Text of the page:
Under New Management – The NWSRG and its Practical Guide

Under New Management - the NWSRG and its Practical Guide

The National Winter Service Research Group (NWSRG) has been restructured and is starting a review process of its national guidance – the Practical Guide. With the support of Cold Comfort, which will host a gap analysis debate on the current chapters, the steering group and its associate members are setting a new course in climate resilience. Dominic Browne reports

With a new structure and business plan, the NWSRG has been through a period of change over the last year. The reforms are designed primarily to secure more funding from the Government for general administration and research projects – as it is now free of any financial support from industry. At a time when digital technology in the form of telematics and the Internet of Things is starting to drive new developments in the sector, the NWSRG is removing the barriers to its own capacity for innovation.  Membership is free to both highway and road authority members and the Technical Advisory Group (TAG), which comprises consultants, contractors, manufacturers and suppliers. These industry associates used to pay £500 or so a year to support the NWSRG, and now only have to dedicate their time and expertise.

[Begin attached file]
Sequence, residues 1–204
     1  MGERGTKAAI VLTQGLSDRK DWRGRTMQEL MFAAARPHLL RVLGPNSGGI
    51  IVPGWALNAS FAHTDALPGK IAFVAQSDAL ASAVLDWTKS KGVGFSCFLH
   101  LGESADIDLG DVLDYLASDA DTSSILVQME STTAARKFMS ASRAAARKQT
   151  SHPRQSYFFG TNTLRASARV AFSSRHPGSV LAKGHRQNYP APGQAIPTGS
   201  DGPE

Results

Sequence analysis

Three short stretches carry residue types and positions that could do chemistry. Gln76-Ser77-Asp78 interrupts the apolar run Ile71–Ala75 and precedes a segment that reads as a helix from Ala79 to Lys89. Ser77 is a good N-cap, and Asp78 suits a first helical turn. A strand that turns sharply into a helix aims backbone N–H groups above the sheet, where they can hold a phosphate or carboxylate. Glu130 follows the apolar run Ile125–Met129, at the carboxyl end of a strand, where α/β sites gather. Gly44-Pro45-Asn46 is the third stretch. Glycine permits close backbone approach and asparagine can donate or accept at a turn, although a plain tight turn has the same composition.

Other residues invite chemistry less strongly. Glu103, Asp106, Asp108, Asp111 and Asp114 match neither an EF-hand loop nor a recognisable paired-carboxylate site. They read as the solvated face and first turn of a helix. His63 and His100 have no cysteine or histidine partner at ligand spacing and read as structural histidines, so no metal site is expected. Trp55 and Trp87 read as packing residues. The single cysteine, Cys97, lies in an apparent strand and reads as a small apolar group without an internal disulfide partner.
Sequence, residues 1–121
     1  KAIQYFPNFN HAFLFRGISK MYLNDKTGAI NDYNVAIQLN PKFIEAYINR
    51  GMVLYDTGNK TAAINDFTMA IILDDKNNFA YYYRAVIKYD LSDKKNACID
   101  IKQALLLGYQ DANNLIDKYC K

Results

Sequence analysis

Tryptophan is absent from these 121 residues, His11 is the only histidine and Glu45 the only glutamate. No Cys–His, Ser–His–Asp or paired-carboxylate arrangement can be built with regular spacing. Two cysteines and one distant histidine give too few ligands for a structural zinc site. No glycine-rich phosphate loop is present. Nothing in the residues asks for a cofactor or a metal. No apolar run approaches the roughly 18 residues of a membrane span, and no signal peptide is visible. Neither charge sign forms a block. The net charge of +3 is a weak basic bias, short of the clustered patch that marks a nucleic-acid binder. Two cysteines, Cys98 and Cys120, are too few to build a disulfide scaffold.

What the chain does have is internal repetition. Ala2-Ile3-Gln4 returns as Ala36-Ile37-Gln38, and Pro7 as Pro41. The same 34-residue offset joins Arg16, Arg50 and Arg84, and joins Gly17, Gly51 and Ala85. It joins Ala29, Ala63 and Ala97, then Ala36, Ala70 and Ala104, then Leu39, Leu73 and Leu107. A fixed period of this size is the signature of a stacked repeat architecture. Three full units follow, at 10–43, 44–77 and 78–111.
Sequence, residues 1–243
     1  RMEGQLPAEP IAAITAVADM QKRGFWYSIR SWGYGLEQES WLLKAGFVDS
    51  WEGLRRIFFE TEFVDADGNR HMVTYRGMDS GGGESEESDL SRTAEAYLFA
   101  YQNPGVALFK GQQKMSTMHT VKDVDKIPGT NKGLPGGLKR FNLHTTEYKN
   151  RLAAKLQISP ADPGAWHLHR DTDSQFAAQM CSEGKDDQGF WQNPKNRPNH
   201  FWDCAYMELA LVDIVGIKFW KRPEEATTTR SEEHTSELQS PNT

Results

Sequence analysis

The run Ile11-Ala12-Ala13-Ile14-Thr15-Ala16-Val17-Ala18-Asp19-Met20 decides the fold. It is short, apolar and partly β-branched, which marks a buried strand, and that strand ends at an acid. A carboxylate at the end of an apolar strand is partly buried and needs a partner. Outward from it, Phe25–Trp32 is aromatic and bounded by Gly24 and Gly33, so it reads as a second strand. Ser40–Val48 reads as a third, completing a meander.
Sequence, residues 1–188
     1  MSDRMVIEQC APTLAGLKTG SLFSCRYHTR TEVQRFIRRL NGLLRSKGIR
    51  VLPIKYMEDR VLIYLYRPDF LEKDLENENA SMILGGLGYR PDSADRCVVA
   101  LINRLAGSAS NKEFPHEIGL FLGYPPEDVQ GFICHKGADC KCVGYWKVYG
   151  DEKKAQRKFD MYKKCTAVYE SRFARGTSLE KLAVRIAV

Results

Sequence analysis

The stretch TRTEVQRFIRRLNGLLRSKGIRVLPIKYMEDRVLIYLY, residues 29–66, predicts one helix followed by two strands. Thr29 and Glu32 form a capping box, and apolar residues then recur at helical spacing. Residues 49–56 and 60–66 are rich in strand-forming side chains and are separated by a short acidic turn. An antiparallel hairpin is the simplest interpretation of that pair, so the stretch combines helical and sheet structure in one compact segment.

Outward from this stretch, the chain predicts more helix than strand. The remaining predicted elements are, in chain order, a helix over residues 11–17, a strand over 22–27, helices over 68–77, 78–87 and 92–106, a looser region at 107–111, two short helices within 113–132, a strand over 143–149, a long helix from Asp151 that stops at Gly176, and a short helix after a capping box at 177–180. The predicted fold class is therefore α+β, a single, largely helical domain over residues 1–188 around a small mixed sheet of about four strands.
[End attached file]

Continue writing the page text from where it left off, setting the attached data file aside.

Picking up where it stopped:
The NWSRG recently launched its business plan for 2004-2008, which spells out the changes. The internal governance is structured into four sub-groups, each with their own roles and responsibilities: the Executive Group, Steering Group, Members Group and the TAG. 

The Steering Group is still made up of a maximum of 12 elected figures drawn from the membership, who provide the overall strategy for the association. Sitting above that is the Executive Group, which provides a management and secretarial role. This is chaired by Carol Valentine, head of business services, highways and transportation at Kent County Council, and vice chair Iain McDonald, network resilience manager at Transport Scotland. All these changes have been approved by the UK Roads Board. Ms Valentine says: ‘One of the reasons we changed is that we felt there needs to be an independence between the steering group and the commercial organisations. We [previously] had them pay for the group so clearly they could have had a level of influence. We wanted to separate them – so as local authorities and national authorities, we can do what we want in terms of the best interest of our members. 

‘Financial security is another one. The reality is we don’t need a lot of money to support the NWSRG. So we wanted to be able to have a way of getting money into the organisation so we could do the research that we like. So we have developed a new business plan. We also wanted membership to be free to increase our numbers. We want as many local authorities, private companies and national authorities to be a part of this.’ 

Funding is the one area that is not yet nailed down. The NWSRG business plan states that it is ‘currently working with the DfT to secure long-term funding to keep membership free for all and progress research and updates to our practical guidance suite’.